The challenges facing the Postal Service is a global story. A recent blog post on The Safe Shop’s blog leaves the impression that the Postal Service’s business strategy will make mail a less attractive option than it now is compared to either courier or electronic delivery. While this blog will not likely have much impact on decisionmaking of U.S. mailers, the tone of the post suggests that the cost-cutting focused strategy has left an impression that printed-delivery of communications by the Postal Service will be less effective in the future. It is no wonder that mailers are actively expanding their use of alternative print-delivery networks and accelerating their switch to electronic delivery.
The Postal Service is in the midst of hiring an advertising agency to improve its corporate image. Whoever wins that contract faces a more difficult challenge than existed over a year ago when the tender was first issued. Over this period, the Postal Service has issued a plan for profitability that lowers service quality of its flagship product, First Class Mail, and the audience for that campaign has heard little but bad news about Postal Service finances and the ability of the Postal Service to meet their print communications needs in the future.
Three quotes from a recent Adweek story illustrate the problem
“I don’t think advertising can do a whole lot at this point,” said Russel Wohlwerth of External View Consulting Group. “They’ve got so many issues, [the review] is almost akin to rearranging the deck chairs on the Titanic.” Also, said Avi Dan of Avidan Strategies, “It’s not clear what the post office would look like at the end of the process.”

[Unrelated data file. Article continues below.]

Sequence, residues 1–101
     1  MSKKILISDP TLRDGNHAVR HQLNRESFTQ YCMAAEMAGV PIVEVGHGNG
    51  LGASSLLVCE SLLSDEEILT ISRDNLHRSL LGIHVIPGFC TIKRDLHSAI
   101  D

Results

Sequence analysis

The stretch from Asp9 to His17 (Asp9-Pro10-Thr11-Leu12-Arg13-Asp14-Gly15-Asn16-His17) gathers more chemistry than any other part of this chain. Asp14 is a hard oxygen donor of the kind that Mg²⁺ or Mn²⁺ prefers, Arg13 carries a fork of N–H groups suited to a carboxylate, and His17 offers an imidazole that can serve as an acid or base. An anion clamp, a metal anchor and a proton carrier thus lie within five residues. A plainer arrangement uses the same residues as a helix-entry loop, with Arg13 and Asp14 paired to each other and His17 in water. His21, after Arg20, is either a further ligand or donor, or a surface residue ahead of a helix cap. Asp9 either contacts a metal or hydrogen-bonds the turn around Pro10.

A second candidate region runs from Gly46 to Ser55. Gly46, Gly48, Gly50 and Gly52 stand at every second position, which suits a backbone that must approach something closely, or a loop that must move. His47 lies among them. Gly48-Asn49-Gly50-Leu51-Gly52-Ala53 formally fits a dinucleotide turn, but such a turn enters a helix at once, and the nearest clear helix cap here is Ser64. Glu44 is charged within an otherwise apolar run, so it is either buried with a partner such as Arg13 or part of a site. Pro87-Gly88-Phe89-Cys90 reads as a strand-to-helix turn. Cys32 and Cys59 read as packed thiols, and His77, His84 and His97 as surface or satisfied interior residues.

That’s not to say that marketing won’t play a key role once the macro issues are resolved. Indeed, the CEO of a shop chasing the account relishes the opportunity to help reshape the business. What has been a big, relatively secure, multiyear account is now just an interesting strategic challenge.
On the brand strategy front, the USPS faces the tall task of redefining its relevance in the digital age, said Mark Kaminsky of brand consultancy SS+K. He rated the challenge as a seven on a scale of one to 10.
Text of Blog Post from the Safe Shop Blog
US Postal Service announced that it will soon drop any promises of next-day delivery for first-class letters in an effort to avoid bankruptcy in 2012. The forty per cent of the first-class mail that currently reaches people within a day will now arrive in two, or even three.
“It’s going to make the customer-service experience more difficult for people who want to send mail. It’s going to take longer. For an item that definitively needs to be there next-day, things are going to shift to FedEx or UPS,” said Jim Corridore, an analyst at S&P Capital IQ, for the International Business Times.
The cash-strapped U.S. Postal Service is looking to find $20 billion in annual savings by 2015. It sees reducing its network of post offices and processing plants as key to adjusting as consumers increasingly pay bills online and correspond by email.
“The U.S. Postal Service must reduce its operating costs by $20 billion by 2015 in order to return to profitability. The proposed changes to service standards will allow for significant consolidation of the postal network in terms of facilities, processing equipment, vehicles and employee workforce and will generate projected net annual savings of approximately $2.1 billion,” said David Williams, USPS vice president for network operations.
Besides ending Saturday delivery, the bill would eliminate door-to-door delivery for an estimated 35 million customers. Those that do not have a curbside mail box or a P.O. Box would start receiving mail at a cluster box located at street corners. Moreover, two hundred and fifty-two local post offices are being considered for elimination and 80,000 U.S. Postal Service jobs will be lost.